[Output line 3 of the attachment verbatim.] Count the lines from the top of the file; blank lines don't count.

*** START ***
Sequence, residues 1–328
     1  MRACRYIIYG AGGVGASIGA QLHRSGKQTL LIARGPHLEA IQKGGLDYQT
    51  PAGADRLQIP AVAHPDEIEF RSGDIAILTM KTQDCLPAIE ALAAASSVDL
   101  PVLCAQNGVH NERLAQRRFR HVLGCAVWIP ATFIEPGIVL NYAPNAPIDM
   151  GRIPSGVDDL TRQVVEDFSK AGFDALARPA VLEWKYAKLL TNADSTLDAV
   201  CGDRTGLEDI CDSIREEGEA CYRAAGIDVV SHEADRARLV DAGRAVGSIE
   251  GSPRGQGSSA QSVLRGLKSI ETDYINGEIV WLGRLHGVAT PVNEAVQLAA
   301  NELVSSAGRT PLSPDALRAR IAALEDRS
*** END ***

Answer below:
    51  PAGADRLQIP AVAHPDEIEF RSGDIAILTM KTQDCLPAIE ALAAASSVDL